If you don’t know exactly which trading style suits you, that’s not too bad. Take the time to test different markets, financial instruments and trading approaches (scalping, swing trading, etc.) using demo accounts.

This aspect is also the first step in our instructions.

Step 1: Find out which trading style suits you

The point here is that by trying out different setups you can filter out which approaches are generally possible and which ones don’t suit you at all. The following questions will help you:

Is there a certain market or time of day when I want to trade?
Which time perspective do my trades have? Do I want to hold a trade for only a few minutes or several hours or even days?
How does my professional situation or family obligation fit into the respective approach
We generally distinguish between scalptraders (very short holding time), daytraders (several hours) and swingtraders (a few days or weeks).

All trading styles can bring in or destroy the same amount of money. There is no better or worse by default, because it all stands and falls with the implementation of the trader.

Step 2: Which fundamentals and which chart technical approaches do you need for your setup?

Depending on your setup, you may need more or less fundamental data. In Forex Newstrading, for example, fundamental data make up about 60% of the entire strategy. Breakout trading, on the other hand, neglects the fundamental component and pays particular attention to the chart constellation.

Are there indicators that appeal to you and with which you have had good experience?

My favorites are for example supports and resistances, Fibonacci retracements, EMA200 and pivot points. But they are only a part of the strategy (and not the basis)!

Step 3: How and where do you find a trade entry?

Classically, there are two widely used trading approaches. The trend trade and the correction trade.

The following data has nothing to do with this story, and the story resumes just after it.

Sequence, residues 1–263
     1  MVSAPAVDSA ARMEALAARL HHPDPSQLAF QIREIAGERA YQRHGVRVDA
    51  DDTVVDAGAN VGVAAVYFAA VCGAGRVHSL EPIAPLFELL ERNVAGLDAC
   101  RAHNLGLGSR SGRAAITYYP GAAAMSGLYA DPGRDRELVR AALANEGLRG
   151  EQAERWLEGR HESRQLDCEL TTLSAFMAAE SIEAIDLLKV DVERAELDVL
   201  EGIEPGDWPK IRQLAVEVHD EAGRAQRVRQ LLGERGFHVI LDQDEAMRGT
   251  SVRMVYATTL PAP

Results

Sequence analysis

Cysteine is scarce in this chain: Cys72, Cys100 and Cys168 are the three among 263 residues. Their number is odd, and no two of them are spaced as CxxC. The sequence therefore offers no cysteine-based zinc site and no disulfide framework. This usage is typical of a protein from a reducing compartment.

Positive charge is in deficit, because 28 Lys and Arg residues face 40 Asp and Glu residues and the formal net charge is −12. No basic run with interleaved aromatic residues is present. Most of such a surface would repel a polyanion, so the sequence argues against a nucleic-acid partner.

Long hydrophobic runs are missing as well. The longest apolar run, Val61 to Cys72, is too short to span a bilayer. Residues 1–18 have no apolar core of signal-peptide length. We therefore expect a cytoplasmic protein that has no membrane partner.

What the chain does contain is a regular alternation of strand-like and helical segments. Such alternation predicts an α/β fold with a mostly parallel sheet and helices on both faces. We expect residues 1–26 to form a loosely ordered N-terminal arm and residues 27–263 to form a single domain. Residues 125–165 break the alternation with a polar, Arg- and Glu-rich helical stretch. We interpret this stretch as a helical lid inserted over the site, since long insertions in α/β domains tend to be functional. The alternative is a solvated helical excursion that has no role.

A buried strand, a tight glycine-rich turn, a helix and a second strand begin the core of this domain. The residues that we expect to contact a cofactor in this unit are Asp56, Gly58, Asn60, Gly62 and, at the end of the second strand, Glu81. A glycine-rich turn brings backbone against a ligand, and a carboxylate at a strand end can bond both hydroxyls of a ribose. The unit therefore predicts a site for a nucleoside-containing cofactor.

Of course there are also other approaches such as the breakout trade or the Martingale Strategy. But to present everything here is beyond the scope of this blog post.

I have dedicated a separate article to the escape trade, if you need a little more inspiration 🙂

Step 4: Where do you find an exit from a trade?

Here we are already in the middle of risk management and money management. Within the trading strategy you have to decide where to place a stop loss and where to place a take profit.

As a rule of thumb, the 1% rule applies, according to which you may risk a maximum of 1% of your account capital per trade. With this technique, you could theoretically allow yourself 100 wrong trades in a row and on the other hand, you have a nice, low portfolio volatility.

Here I would like to remind you once again that it is first and foremost about protecting the account and only then about achieving a reasonable return.

However, the application of the 1% rule also makes it clear that with small trading accounts, particular attention must be paid to the financial instrument.

A 1000 EUR account may only allow a maximum loss of 10 EUR per trade. With this you can hardly trade with certificates. With CFDs, however, this is again possible, as order fees are rarely charged here and the smallest position sizes are possible.